One diagram of good leadership qualities can be described as being comprised of three overlapping elements, or “Q’s”- IQ, EQ and PQ. IQ, or Intelligence Quality speaks to a Leader’s competency; EQ, or Emotional Quality is a Leader’s connectivity and PQ, or Personal Quality is a Leader’s self-awareness. A leader needs all three to be successful not only for themselves but for those they are leading.
Following the keynote, the scholars heard from members of the successful project team that designed and built the Lobo Rainforest Building at Innovate ABQ with a difficult site and tight schedule. Jeff Harper (Project Superintendant, Jaynes Corporation), Daniel Monk, LEED AP (Project Architect, Dekker/Perich/Sabatini), Mike Balaskovits, PE, LEED AP (Vice President, Bohannan Huston), Jennifer Greenleaf, PE (Structure Engineer, Dekker/Perich/Sabatini), Kate Dimock, (Principal, Dekker/Perich/Sabatini), Andrea Hanson, AIA, WELL AP, (Principal-In-Charge of Interior Architecture, Dekker/Perich/Sabatini) all stressed the open lines of communication and collaborative team dynamics as keys to overcoming many civil, structural, and architectural challenges. The team also credited Dekker/Perich/Sabatini’s multi-disciplinary office, with in-house interior design and structural engineering, as an element of the team’s success.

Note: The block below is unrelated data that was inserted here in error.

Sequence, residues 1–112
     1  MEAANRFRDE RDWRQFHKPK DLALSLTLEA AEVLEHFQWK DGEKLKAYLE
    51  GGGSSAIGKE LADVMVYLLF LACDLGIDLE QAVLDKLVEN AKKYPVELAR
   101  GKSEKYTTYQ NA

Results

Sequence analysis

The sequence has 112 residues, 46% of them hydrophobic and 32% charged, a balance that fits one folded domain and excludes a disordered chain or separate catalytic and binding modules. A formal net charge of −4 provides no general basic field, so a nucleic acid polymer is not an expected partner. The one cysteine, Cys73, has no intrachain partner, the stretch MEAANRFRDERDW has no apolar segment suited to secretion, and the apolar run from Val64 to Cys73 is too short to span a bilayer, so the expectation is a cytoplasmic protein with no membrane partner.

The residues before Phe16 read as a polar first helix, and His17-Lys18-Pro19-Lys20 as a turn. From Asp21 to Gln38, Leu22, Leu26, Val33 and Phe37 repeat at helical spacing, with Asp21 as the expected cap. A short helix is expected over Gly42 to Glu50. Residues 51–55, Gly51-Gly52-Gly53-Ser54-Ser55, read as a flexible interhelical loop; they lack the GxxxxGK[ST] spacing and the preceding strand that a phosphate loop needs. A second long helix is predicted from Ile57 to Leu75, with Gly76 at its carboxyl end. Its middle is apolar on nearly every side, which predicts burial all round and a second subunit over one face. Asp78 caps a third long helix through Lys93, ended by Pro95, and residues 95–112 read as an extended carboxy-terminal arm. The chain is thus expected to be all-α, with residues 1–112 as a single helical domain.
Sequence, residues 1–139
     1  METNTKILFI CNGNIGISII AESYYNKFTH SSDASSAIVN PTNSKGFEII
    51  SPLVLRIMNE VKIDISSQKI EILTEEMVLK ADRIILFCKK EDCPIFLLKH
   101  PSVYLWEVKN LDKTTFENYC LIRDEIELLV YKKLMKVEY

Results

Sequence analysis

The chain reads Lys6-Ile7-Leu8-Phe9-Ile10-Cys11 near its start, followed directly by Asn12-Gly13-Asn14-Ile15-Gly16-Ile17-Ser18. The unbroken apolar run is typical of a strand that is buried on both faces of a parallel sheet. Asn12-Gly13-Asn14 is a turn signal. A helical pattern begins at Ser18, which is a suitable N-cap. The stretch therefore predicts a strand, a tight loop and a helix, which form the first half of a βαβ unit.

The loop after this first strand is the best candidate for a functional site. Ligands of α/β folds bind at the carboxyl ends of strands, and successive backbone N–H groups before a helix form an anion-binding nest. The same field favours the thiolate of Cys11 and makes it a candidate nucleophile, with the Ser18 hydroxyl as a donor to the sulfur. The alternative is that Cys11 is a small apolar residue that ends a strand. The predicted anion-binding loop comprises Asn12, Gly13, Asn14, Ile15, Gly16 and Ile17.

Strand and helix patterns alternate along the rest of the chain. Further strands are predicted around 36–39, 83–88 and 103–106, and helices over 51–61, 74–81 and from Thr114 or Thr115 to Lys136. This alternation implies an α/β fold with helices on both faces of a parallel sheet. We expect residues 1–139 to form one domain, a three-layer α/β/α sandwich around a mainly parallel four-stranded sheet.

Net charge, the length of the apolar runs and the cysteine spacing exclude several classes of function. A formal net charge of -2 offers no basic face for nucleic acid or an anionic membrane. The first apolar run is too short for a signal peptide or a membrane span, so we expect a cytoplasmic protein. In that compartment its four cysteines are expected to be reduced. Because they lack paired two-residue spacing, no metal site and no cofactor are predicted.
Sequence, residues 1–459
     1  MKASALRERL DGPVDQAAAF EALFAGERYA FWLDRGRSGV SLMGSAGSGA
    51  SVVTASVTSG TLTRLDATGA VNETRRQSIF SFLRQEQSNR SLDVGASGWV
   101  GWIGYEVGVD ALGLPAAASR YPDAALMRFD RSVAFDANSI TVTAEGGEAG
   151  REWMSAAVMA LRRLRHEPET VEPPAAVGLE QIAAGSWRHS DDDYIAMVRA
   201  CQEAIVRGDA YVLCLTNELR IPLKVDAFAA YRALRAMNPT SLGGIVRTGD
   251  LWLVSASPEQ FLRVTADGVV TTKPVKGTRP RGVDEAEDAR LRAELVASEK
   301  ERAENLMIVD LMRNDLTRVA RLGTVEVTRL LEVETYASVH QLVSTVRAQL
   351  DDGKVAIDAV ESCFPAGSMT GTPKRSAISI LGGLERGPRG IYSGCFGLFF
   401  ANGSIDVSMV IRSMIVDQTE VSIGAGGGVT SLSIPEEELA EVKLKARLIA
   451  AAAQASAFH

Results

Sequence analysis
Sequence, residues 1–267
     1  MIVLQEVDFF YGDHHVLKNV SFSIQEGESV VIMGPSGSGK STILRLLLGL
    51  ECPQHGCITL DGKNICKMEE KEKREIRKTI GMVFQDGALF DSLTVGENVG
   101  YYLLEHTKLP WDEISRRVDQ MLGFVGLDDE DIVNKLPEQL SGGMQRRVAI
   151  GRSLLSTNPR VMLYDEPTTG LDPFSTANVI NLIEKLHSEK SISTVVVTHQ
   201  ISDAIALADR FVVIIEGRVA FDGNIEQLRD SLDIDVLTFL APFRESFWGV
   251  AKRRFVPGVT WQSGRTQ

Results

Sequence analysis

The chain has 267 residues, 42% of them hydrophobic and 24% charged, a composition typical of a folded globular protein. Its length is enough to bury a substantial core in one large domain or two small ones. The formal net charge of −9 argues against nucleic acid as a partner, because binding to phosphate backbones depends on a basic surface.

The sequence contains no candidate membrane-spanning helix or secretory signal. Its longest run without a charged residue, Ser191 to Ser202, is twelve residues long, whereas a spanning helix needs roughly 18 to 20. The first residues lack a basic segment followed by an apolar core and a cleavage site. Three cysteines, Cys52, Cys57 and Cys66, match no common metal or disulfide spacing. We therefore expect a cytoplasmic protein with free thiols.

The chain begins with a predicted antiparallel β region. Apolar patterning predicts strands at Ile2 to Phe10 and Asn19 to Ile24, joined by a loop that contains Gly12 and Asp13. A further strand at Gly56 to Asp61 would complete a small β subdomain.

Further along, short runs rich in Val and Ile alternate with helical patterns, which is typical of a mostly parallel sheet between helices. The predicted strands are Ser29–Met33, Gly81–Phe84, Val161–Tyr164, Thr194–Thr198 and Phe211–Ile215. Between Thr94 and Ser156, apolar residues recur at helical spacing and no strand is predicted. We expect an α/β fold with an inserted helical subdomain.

Finally, Linda Strauss, SHRM-SCP, SPHR of Strauss HR Consulting provided relevant and impactful guidance on resolving conflict and disputes in project teams. Strauss stressed eliminating the victim mentality from yourself and your teams and becoming a “totally responsible person” as the first steps toward conflict resolution.
In discussing the pattern of conflicts and how to come to a better/quicker/positive outcome, Strauss walked scholars through the typical conflict pattern. Upon the conflict stimulus, one’s awareness develops to come to a moment of choice, wherein either a positive response, or a negative reaction can occur and therefore determine how – or if – the conflict gets resolved. This thought process enlightened the scholars as leaders in dealing with conflict, which is a near daily experience in our field.
As an added bonus to the culmination of the days enlightening presentations, the FUSE Makerspace was open for public market/demonstration in which the scholars had the option to participate in learning how to make a screenprint on their own take-home tote to top off the session before retreating to Thirsty Eye Brewery for a refreshing drink.